Intro to Think Through IT series

Over the past 15 years I’ve been likened to both Sherlock Holmes and House. Clients are interested in my ability to look at a complex system that isn’t working right, find where and when things went wrong, and then fix the problem. How do I do it? I have refined my technique by building on the lessons learned in basic problem solving that I honed with training in Computer Science.

While I disagree strongly with the premise that everyone should know how to proficiently write computer code, it is important to understand the basics of how computers and programs work. Do I intend to teach you how to fix everything yourself? No, but if you want to learn more I’ll help. Do I intend to provide you with a solid framework of understanding and a toolbox to help you describe issues, learn to identify triggers, and help you to identify the best tool/person to resolving the problem? Yes.

Welcome to my series Think Through IT. After beginning with a review of the basics about computers, programming, and software, I plan to step through case studies of various issues and show how I went about solving the problem and finding a solution. In working through the examples, in time I hope to teach how I established the cause, eliminated contributing factors, and arrived at a solution.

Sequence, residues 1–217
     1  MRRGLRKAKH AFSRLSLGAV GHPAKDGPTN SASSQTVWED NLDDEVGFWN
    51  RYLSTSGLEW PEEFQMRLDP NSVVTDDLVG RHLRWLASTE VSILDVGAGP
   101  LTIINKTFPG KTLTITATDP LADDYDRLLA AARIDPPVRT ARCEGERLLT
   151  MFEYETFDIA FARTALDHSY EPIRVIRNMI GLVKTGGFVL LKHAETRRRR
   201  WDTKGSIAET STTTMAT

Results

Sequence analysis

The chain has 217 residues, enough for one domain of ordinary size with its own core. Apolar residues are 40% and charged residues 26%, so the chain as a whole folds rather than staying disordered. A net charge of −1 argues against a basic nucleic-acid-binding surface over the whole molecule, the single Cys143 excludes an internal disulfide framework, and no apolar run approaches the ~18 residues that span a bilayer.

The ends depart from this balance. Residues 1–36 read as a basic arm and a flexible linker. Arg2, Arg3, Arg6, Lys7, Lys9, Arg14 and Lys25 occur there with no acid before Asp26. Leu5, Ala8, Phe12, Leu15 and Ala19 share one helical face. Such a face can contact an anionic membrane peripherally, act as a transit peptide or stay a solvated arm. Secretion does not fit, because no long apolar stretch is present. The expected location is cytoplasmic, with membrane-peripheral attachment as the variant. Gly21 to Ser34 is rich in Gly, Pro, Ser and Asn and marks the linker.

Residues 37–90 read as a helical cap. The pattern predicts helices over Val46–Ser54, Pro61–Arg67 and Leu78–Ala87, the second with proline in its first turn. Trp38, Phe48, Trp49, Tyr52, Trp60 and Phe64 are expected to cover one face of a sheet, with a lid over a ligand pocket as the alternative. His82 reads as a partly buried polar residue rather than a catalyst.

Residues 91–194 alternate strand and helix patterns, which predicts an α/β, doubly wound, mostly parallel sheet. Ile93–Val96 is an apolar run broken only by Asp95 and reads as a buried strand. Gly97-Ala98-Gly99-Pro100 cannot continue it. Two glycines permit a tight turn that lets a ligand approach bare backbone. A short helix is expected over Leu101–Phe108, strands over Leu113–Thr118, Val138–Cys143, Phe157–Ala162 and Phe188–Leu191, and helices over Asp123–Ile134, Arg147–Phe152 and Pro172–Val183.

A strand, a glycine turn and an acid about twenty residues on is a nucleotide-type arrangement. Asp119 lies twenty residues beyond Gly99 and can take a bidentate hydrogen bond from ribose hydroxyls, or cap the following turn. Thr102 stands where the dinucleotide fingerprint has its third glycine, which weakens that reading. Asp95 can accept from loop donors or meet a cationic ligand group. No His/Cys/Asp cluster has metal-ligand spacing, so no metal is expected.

By showing my approach to problem solving, in this series I hope to help you learn how to identify issues, potential causes, and potential solutions by using as few fancy tools (and words) as possible.

As Allen Downey wrote in Think Python How to Think Like a Computer Scientist, I’m not alone in such honored company as Mr Holmes

In some ways, debugging is like detective work. You are confronted with clues, and you have to infer the processes and events that led to the results you see.
Debugging is also like an experimental science. Once you have an idea about what is going wrong, you modify your program and try again. If your hypothesis was correct, then you can predict the result of the modification, and you take a step closer to a working program. If your hypothesis was wrong, you have to come up with a new one. As Sherlock Holmes pointed out, “When you have eliminated the impossible, whatever remains, however improbable, must be the truth.” (A. Conan Doyle, The Sign of Four) (Version 2.0.10, page 4)

I hope you’ll join me as we explore how to Think Through IT together.